The Education and the Workforce Committee Thursday morning cleared the first three of what will be several small, targeted bills aimed reauthorizing the Higher Education Act.
All three of the measures passed on a voice vote with support from members on both sides of the aisle, a rare occurrence that followed Wednesday’s passage of the bipartisan workforce development bill by the full U.S. House of Representatives.
The markup process wasn’t without Democratic pushback, however.
A slew of committee Democrats, including ranking member George Miller of California, and Reps. Joe Courtney of Connecticut, John Tierney of Massachusetts, Tim Bishop of New York, and David Loebsack of Iowa, called attention to the fact that while each bill would be beneficial for students and their families, and each had bipartisan backing, none of them addressed what they consider to be the real problem: sky-rocketing college tuition and student-loan debt.
"[These bills] are not a substitute for really getting into the gut ... of higher education affordability,” said Courtney. “It’s not enough in terms of us actually addressing what is probably the most important decision middle class families are facing.”
“This is great what we’re doing now, and we’re doing it on a bipartisan basis, which today is very rare,” added Loebsack. “But we need to do much, much more.”
To that end, Democrats offered a single amendment to each bill, highlighting their priorities for a higher education overhaul.
The first bill (H.R. 3136) would allow students enrolled in programs that use a competency-based learning system, versus a traditional credit-hour system, to be eligible for federal financial aid. Essentially, students who progress through competency-based systems based on a direct assessment and measurement of what they’ve learned, as opposed to how many credit hours they’ve earned. The idea is to get students their degree more quickly, thereby decreasing the cost of tuition.
Tierney offered an amendment to the bill that would allow student borrowers to refinance their debt at the current, lower interest rate that people with loans on cars and houses are able to get. The measure would be paid for by implementing what’s widely known as the Buffet Rule, a tax increase on wealthy individuals.
Unsurprisingly, Tierney’s proposal was blocked. Kline reminded committee members that Congress passed a bipartisan fix to the federal student-loan rate last summer, and concluded that the best way to help graduates struggling to repay their loans is to get the economy revving again.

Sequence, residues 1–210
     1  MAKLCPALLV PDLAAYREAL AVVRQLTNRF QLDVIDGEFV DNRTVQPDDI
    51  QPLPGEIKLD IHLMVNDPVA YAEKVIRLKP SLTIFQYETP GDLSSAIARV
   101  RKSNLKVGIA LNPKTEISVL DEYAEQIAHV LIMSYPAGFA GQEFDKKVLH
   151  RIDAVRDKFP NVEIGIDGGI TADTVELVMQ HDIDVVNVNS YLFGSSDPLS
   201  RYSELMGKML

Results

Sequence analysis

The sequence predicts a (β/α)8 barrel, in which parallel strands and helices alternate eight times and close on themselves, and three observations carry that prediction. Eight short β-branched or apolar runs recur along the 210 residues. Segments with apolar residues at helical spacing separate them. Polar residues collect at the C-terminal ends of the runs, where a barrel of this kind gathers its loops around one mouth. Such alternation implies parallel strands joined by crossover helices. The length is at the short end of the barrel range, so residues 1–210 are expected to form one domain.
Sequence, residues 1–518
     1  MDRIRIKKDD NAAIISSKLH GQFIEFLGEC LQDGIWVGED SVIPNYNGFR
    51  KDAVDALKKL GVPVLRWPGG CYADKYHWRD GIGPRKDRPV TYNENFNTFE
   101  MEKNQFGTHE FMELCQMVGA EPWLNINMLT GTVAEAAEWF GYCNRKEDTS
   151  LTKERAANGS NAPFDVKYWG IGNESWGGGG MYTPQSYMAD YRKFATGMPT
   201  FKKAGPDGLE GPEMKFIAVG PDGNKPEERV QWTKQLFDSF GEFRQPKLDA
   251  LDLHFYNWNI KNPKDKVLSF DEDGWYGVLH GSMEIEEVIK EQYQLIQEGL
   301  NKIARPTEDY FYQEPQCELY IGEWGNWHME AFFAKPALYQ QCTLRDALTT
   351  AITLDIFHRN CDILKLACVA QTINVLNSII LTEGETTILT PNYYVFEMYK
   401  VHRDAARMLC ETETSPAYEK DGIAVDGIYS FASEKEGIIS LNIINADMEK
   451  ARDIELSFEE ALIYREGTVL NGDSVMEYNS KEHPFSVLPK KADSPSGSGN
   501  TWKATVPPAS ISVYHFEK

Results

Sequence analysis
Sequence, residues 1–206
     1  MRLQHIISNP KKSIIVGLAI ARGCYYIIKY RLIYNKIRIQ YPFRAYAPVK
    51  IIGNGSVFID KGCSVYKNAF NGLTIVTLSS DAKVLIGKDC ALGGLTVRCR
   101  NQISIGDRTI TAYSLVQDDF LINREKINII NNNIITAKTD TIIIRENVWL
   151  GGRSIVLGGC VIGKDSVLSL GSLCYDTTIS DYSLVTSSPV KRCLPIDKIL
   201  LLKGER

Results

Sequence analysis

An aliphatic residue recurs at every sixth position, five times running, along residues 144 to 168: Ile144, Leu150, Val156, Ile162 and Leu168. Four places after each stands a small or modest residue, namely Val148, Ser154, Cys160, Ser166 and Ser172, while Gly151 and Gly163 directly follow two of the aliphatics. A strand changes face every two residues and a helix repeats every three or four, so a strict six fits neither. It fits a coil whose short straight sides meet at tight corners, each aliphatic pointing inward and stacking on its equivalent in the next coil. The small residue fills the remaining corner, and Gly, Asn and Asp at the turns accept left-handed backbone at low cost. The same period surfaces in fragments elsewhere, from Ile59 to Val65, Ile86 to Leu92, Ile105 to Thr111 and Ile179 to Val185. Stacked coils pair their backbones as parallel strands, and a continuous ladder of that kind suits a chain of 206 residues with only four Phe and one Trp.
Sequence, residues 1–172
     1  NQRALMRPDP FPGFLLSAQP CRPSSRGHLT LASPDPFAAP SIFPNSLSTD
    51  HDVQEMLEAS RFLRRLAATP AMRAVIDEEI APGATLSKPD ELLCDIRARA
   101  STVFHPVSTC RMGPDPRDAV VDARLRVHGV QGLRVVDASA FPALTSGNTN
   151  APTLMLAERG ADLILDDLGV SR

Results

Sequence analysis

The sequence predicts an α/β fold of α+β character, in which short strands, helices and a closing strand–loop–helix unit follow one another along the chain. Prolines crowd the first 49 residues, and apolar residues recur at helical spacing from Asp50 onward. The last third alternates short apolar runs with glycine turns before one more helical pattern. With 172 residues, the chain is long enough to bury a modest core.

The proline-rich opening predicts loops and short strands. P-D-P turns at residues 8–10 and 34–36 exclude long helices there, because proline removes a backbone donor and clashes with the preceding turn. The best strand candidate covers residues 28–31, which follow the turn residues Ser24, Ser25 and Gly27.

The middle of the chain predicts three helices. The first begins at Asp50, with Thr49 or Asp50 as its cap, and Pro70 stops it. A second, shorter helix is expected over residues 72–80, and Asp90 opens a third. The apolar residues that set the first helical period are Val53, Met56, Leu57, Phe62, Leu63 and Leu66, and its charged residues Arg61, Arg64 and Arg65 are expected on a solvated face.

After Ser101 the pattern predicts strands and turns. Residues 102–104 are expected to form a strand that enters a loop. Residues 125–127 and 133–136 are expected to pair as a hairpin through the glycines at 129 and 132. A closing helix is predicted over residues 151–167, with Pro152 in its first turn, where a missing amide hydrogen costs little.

The same proposal from Sen. Elizabeth Warren, D-Mass., was blocked in the Senate in June.
The next bill (H.R. 4983) would streamline the amount of information currently available to students and their families regarding estimated college costs, loan options, and potential repayment plans. The Obama administration has prioritized transparency on these issues and launched several tools to help students better navigate potential costs. But the members on both sides of the aisle agree the information available is excessive and sometimes confusing.
Miller offered an amendment to the bill that would also require the reporting of an institution’s dropout and loan-repayment rates, and the employment rates of their recent graduates.
Kline slammed the amendment for collecting the same data the Obama administration has proposed to use in its gainful-employment regulation, which aims to curb bad actors in the for-profit college sector by allowing federal student aid to flow only to institutions with favorable graduation, repayment, and graduate employment rates.
The final bill (H.R. 4984) would increase financial aid counseling for students and families entering the college-application process.
Democrats Mark Takano and Susan Davis, both of California, offered an amendment to the bill aimed at protecting service members and their families from being poached on by some for-profit colleges looking to collect on their G.I. bill tuition assistance.
Under the law, for-profit colleges can only reap 90 percent of their profit from federal student aid; the other 10 percent must come from other sources. However, because G.I. benefits, like tuition assistance, are drawn from the Department of Defense, and not the Education Department, they aren’t considered federal student aid and therefore aren’t counted in the 90 percent. This loophole has lead some bad actors to prey on service members and their families in an attempt collect on their one-time tuition assistance.
Democrats have been trying to close this loophole for years and the same proposal is included in a draft of the Higher Education Act reauthorization from Sen. Tom Harkin, D-Iowa, and chairman of the Health, Education, Labor and Pensions Committee.
The amendment was handily rejected, however, with Kline underscoring the important role that some for-profit colleges play in allowing nontraditional students, like those serving oversees, to obtain postsecondary degrees.
Stay tuned for Kline to roll out the next series of bills. Kline said he hopes the bills cleared through the committee Thursday will move to the chamber floor for a vote by the full House quickly. But with just 13 legislative working days before Congress breaks for its five-week summer recess, it’s unclear whether that’s feasible.